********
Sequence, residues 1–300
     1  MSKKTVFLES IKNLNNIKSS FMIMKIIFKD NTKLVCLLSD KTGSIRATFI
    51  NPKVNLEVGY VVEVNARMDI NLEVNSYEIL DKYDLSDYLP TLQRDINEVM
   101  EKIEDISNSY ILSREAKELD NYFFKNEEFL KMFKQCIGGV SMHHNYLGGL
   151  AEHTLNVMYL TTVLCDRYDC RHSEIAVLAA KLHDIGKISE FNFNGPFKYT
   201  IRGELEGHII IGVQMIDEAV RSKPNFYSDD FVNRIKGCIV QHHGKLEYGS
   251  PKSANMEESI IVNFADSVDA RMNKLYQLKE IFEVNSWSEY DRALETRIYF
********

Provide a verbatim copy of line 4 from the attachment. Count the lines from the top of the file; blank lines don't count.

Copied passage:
   101  EKIEDISNSY ILSREAKELD NYFFKNEEFL KMFKQCIGGV SMHHNYLGGL